The wood I know as Red River Gum is scientifically known as Eucalyptus camaldulensis. As many readers will guess, the tree from which the wood is harvested is a native of Australia. This species of Eucalyptus a familiar and iconic tree (it leaves have appeared on Australian stamps) seen along many watercourses, including dry river beds which retain adequate underground water for growth, right across inland Australia. The tree produces welcome shade in the extreme temperatures of central Australia, and plays an important role in stabilizing river banks.
While native to Australia, the tree has been exported for growth, literally, around the world and it is the most widely planted Eucalyptus species in the world. As of 1980, plantations of Red River Gum were known to exist in all of the following nations and US States: Argentina, Arizona, Brazil, Burkina Faso, California, Egypt, Kenya, Morocco, Nigeria, Pakistan, Senegal, Sierra Leone, Spain, Sri Lanka, Sudan, Tanzania, Uruguay, and Zimbabwe.
Red River Gum is so named for its brilliant red wood, which can range from a light pink through to almost black, depending on the age and weathering. It is reported to be somewhat brittle and is often cross-grained. It displays a medium porosity and produces little oil.
Red River Gum cuts quite nicely on the lathe and in this respect its hardness is a plus since softer woods tend to not work well with lathe procedures. It presented no problems with gluing operations involving cyanoacrylate. It sanded nicely and achieved a nice smooth finish, albeit with pores still visible but not discernible to the touch. My specimens smelled vaguely of vinegar when being turned and sanded.
Australian woods are not commonly encountered in the United States marketplace. Because of this, I was unable to locate dealers selling Red River Gum and cannot quote a specific price for this particular wood. Mine was purchased as part of a set of Australian wood pen blanks from a national retailer, Woodcraft, who may still sell such sets.
The best dedicated source I am aware of for Australian wood specifically is without question is Lee Tree Wood Works located in Palmetto, Georgia. This is a speciality retailer with a wide selection of Austrailian woods to choose from. The Red River Gum pieces in stock were all burls and these command a considerably higher price than standard turning blanks. While they didn’t have any non-burl pieces at time of inquiry, this stock situation may change and you are encouraged to check with them directly if interested.
Woodfinder is a website that is dedicated to advertising exotic wood dealers and I can’t speak to the quality of any of them, but they do have the advantage of performing searches based on your location which might allow you to visit a wood dealer in person to hand pick what you want to work with at a price you are comfortable paying.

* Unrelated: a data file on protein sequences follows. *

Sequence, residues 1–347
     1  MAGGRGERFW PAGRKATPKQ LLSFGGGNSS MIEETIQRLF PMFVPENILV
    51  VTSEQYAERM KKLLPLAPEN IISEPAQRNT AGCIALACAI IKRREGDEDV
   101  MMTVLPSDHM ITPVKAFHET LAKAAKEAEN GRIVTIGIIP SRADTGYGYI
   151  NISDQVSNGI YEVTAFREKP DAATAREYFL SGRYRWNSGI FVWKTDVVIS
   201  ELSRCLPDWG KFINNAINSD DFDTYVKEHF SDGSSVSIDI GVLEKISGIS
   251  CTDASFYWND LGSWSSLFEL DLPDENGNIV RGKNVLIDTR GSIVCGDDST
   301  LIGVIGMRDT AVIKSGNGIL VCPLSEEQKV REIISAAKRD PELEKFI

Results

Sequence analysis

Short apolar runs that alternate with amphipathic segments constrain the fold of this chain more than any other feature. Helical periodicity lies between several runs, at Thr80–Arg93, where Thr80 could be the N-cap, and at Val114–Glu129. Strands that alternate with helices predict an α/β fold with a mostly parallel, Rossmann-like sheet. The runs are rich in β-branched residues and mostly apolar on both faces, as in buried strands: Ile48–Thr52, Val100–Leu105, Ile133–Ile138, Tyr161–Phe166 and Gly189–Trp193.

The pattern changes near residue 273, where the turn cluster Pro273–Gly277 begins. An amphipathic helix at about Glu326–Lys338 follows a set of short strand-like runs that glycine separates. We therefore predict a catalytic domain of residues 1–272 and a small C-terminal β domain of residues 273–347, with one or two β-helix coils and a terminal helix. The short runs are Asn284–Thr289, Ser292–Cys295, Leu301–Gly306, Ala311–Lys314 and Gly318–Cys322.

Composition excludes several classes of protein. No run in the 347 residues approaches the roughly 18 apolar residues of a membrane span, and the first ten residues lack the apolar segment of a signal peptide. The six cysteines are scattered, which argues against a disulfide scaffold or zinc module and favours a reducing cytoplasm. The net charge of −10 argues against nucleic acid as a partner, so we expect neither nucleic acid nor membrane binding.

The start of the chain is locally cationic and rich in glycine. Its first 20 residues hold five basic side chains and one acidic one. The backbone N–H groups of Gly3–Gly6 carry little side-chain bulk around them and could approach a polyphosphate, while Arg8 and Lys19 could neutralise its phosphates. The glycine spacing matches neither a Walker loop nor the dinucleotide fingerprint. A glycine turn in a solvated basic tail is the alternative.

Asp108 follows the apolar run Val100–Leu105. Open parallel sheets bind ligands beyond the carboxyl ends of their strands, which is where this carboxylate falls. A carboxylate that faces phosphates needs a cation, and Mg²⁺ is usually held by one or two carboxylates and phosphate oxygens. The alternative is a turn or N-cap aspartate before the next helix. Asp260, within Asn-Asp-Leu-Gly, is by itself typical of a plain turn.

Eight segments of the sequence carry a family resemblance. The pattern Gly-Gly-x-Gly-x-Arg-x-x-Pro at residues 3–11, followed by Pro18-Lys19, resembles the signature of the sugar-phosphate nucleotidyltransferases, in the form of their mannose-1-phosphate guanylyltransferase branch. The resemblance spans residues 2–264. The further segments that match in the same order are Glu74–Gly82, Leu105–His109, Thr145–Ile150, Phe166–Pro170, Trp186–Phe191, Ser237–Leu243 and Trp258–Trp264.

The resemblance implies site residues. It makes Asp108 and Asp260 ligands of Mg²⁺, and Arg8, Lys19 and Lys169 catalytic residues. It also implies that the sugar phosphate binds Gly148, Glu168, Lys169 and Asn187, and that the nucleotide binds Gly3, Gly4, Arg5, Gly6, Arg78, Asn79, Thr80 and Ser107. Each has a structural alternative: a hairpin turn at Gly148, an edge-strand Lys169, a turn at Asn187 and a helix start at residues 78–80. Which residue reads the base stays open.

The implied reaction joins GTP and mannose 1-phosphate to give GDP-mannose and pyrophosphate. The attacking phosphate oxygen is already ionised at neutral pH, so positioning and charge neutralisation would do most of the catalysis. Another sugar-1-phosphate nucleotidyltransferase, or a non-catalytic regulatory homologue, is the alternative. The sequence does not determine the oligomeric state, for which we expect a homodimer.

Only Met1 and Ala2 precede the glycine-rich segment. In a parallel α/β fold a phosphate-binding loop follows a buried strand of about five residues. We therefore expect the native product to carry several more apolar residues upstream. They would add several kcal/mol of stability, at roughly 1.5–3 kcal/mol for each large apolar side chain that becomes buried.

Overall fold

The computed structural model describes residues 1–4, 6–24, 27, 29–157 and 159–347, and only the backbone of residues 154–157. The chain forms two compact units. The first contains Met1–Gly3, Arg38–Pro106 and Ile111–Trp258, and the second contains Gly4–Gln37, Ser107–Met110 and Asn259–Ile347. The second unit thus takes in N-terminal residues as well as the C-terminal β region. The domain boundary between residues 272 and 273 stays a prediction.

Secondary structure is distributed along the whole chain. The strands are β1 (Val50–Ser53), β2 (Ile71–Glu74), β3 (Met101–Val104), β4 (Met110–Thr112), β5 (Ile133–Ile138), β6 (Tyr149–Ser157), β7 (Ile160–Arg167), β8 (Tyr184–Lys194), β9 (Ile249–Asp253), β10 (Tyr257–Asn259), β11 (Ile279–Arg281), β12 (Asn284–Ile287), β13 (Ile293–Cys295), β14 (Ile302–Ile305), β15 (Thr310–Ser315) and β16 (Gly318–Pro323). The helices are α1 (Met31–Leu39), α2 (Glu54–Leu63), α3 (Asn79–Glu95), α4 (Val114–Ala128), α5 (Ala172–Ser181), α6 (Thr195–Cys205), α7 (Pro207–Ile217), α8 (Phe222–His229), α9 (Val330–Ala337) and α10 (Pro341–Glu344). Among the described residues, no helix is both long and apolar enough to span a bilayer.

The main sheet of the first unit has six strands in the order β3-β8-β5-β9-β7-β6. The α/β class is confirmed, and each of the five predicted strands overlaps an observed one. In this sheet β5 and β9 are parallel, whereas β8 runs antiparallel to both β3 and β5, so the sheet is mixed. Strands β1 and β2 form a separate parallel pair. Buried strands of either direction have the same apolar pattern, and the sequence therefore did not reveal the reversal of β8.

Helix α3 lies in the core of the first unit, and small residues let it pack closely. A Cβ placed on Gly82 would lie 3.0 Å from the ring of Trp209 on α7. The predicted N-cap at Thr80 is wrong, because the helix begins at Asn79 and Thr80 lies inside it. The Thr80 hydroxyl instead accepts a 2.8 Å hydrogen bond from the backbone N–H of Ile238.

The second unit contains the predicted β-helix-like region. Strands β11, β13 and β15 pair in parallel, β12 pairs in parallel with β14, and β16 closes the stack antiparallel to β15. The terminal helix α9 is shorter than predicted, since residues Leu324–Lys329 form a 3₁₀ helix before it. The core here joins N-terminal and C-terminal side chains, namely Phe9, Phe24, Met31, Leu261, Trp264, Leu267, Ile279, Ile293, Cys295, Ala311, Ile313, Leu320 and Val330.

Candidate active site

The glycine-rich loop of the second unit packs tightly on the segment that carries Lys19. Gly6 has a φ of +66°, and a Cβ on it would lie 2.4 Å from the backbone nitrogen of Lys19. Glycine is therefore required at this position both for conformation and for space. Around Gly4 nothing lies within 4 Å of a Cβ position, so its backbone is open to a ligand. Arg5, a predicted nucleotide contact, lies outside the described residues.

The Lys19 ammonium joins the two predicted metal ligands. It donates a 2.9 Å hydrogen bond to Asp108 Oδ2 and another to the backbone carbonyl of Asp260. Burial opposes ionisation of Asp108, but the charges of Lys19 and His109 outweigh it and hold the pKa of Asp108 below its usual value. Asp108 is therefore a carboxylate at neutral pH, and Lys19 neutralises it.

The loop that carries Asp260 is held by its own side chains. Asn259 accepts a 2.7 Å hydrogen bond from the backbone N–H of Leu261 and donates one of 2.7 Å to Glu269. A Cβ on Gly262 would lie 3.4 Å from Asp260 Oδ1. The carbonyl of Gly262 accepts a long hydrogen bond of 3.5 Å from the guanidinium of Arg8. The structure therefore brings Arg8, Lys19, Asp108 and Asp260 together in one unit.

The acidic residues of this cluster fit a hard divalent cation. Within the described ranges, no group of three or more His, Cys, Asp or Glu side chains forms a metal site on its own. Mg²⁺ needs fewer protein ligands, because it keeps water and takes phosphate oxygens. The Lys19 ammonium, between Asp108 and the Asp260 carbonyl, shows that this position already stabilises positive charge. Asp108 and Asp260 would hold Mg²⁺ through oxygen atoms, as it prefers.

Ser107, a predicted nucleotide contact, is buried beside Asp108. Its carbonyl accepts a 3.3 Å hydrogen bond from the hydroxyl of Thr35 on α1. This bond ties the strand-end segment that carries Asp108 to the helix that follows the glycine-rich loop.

Red River Gum wood has traditionally been used in rot resistant applications like fence posts. A more recent development has the been the recognition of the wood as valuable and useful in the manufacture of craft furniture due to its spectacular deep red color and common appearance of interesting figures in the wood. However, Red River Gum requires careful selection, as it tends to be quite reactive to changes in humidity, meaning that the wood will easily move and warp as moisture levels change. Because the wood is quite hard and dense , Red River Gum can take a fine polish and it carves well. It is a popular timber for wood turners, particularly if old and well-seasoned so as to minimize movement and warping. The wood also finds use in fine flooring applications.
Red River Gum is also popular for use as firewood and it also produces a fine charcoal. Such charcoal is actually used in the production of iron and steel in foundries in Brazil.
In addition, the tree is valuable to the apiary industry in both Brazil and Australia where the blossoms feed colonies of honey bees. The honey produced is of a fine color and flavor.
Severe negative allergic reactions are uncommon but many woods have been known to cause reactions in sensitive individuals. Therefore, care should be taken especially if an individual has experienced allergic reactions with other woods or wood dust.
Complete information about health hazards associated with a wide variety of exotic hardwoods is available from The Wood Database along with additional information about the best use of a dust collection system, coupled with the use of personal protective equipment such as respirators, which is highly recommended when machining this wood. Fortunately, I have never experienced any negative side effects from working
My Personal Experiences
My personal experience with Red River Gum is quite limited, consisting of only two pen blank size pieces. Most of the Red River Gum available in this country to woodturners is in burl form, which is a very different type of material to work with when compared to standard lumber. I found Red River Gum to be easy to work with and its hardness and density gave it a very nice finish with sharp turning tools. I liked the deep red color of the wood and would be happy to work with it again should supplies become more readily available in the future.